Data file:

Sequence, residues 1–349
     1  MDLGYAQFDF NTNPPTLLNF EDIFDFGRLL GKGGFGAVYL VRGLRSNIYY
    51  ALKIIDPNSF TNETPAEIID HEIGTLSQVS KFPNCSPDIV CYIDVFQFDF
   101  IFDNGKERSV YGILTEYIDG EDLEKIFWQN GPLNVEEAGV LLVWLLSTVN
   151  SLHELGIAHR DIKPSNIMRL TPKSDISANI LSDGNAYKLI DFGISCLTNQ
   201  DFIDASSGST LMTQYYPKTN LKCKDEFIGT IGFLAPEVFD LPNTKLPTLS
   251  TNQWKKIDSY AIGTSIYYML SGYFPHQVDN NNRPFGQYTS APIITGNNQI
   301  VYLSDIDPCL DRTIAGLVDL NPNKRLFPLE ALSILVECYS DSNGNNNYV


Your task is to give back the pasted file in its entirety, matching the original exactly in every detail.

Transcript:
Sequence, residues 1–349
     1  MDLGYAQFDF NTNPPTLLNF EDIFDFGRLL GKGGFGAVYL VRGLRSNIYY
    51  ALKIIDPNSF TNETPAEIID HEIGTLSQVS KFPNCSPDIV CYIDVFQFDF
   101  IFDNGKERSV YGILTEYIDG EDLEKIFWQN GPLNVEEAGV LLVWLLSTVN
   151  SLHELGIAHR DIKPSNIMRL TPKSDISANI LSDGNAYKLI DFGISCLTNQ
   201  DFIDASSGST LMTQYYPKTN LKCKDEFIGT IGFLAPEVFD LPNTKLPTLS
   251  TNQWKKIDSY AIGTSIYYML SGYFPHQVDN NNRPFGQYTS APIITGNNQI
   301  VYLSDIDPCL DRTIAGLVDL NPNKRLFPLE ALSILVECYS DSNGNNNYV